To be honest, after a few years with git, I feel uncomfortable without the index.
Is it too late for an improved git user experience? With so many online tutorials and books, a new porcelain interface would have a tough time capturing much mind share (while still calling itself git).
For those looking for something simpler than git, I recommend eg (EasyGit), a one-file Perl wrapper:
(or maybe the author did mention it and I missed it?)
Another fallacy is that "writing code" is the only "useful" thing one can do. Creating clean logical history and good commit messages (or other documentation) does not invole writing code, but that doesn't mean it is not important.
The point I was trying to make is that tools are productivity aids and if a tool gets in the way and distracts you from your main activity (or activities) too much it can be counter productive.
I use both Eclipse and VisualStudio and find those tremendous! A good tool hides unnecessary stuff from you and works in a clear predictable way. A tool is bad for me when it does the opposite.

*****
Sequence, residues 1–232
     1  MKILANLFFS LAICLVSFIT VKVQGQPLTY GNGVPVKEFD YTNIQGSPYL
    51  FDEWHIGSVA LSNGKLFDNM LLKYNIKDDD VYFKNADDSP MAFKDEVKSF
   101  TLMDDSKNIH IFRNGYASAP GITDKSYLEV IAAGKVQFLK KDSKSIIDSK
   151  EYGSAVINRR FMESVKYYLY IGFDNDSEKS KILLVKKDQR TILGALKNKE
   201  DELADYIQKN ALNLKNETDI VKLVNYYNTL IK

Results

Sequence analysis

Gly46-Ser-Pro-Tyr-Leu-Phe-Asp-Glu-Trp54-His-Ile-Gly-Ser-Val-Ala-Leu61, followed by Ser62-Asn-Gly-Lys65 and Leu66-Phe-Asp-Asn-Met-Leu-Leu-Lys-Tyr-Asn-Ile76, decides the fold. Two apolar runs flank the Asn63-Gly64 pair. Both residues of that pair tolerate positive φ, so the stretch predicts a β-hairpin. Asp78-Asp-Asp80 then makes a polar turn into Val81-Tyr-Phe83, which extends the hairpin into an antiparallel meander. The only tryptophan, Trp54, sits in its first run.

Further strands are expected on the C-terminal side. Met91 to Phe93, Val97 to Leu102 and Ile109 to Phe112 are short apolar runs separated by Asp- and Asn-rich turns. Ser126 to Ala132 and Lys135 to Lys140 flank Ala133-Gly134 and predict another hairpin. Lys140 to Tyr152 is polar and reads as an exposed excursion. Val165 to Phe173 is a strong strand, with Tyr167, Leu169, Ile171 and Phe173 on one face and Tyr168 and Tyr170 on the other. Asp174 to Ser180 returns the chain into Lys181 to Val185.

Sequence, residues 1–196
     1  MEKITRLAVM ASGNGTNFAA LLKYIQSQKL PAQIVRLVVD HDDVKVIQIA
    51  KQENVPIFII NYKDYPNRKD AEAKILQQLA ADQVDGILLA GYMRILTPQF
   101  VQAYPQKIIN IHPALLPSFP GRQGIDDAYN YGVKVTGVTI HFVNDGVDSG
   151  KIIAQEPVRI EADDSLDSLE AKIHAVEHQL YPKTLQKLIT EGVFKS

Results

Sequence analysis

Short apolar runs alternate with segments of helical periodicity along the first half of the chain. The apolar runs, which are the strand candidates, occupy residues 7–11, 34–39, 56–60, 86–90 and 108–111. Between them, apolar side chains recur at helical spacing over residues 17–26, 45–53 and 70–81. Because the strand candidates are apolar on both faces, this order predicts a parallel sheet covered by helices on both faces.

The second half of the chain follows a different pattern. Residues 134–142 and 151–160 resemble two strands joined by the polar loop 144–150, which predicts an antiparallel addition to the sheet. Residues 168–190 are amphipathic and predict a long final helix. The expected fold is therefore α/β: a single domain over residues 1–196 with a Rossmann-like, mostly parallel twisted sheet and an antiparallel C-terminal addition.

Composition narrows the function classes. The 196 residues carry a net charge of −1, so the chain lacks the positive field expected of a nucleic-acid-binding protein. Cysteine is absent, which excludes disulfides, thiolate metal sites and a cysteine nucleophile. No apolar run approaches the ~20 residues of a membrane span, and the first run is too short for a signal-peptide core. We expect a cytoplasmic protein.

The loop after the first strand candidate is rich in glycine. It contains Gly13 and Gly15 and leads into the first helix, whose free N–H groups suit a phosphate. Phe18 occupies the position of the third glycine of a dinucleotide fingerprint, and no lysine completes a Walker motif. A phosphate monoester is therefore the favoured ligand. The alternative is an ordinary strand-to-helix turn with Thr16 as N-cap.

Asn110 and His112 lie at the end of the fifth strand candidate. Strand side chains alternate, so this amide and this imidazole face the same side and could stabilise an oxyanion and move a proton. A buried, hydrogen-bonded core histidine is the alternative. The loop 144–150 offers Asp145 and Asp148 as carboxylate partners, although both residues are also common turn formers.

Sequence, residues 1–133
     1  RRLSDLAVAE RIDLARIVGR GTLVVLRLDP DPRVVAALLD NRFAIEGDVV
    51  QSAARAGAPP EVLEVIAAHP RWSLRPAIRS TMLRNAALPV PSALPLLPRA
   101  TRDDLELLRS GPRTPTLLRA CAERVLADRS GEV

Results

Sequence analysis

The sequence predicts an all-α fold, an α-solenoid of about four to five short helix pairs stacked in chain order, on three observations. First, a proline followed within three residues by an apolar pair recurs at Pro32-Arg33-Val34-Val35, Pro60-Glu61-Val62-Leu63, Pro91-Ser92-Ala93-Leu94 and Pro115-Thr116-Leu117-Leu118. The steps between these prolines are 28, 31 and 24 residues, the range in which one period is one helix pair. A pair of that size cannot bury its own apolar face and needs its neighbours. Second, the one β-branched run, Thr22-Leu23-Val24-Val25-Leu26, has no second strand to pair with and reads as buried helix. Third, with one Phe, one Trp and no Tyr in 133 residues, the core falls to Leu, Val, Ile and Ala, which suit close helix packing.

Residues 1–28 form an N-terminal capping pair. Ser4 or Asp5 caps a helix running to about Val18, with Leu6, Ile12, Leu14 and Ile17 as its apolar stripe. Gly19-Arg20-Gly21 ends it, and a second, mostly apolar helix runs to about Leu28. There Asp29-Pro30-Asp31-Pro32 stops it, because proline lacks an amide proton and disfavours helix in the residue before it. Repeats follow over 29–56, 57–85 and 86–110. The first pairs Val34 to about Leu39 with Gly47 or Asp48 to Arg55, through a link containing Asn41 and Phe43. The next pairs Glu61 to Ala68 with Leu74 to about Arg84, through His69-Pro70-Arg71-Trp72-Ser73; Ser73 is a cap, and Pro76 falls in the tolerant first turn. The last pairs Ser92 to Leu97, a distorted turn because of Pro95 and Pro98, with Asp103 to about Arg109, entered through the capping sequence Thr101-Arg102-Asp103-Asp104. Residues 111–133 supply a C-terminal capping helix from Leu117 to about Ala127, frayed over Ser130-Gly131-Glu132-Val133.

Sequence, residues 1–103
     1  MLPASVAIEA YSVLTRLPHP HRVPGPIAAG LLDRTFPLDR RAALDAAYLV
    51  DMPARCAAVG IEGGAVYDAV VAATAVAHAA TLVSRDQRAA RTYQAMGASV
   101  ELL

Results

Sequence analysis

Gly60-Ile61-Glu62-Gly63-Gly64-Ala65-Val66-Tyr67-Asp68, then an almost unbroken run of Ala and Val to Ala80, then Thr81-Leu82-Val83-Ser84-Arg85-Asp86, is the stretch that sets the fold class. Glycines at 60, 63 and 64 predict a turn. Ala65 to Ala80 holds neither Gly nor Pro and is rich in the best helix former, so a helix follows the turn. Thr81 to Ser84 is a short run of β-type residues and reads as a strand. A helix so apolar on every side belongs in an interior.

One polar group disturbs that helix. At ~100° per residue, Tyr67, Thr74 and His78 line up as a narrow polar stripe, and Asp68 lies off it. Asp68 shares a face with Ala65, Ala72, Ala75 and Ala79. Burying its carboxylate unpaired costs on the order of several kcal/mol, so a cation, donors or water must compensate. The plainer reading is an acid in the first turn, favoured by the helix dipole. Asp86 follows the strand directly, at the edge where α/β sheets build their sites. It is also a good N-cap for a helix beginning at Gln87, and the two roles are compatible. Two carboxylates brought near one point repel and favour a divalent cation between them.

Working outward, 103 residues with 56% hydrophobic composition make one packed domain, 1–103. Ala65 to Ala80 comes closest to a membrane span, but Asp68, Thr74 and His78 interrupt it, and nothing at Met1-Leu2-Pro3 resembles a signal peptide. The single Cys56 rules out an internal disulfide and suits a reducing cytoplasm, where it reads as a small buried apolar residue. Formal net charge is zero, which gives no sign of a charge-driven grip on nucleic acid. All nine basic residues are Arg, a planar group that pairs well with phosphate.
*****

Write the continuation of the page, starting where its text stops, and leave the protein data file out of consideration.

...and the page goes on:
In my experience, once you understand how git works it gets out of your way entirely.
Would that be very different from what git is now? My underbelly says yes, but really I'm not knowledgeable enough to tell. Any ideas?
I remember when I was migrating from CVS to git, it's ok to understand cvs update is git fetch & git merge now, committing is the same, additionally I need to push the commits to share with co-workers. The hardest part to understand rebasing and branch management. But it worth to learn all these concepts, it make version control more flexible. It's pretty cool to use git reset and git push -f to modify the commits history (make sure you know what you are doing).
Spot on! I really thought I was the only one.
Oh no! I now see cognitive dissonance everywhere. I realized that it's the same with git: maybe we like it so much because it took such a hard time to master. I still don't feel like I master it. However, reading some books on git and understanding the philosophy did make it feel simpler.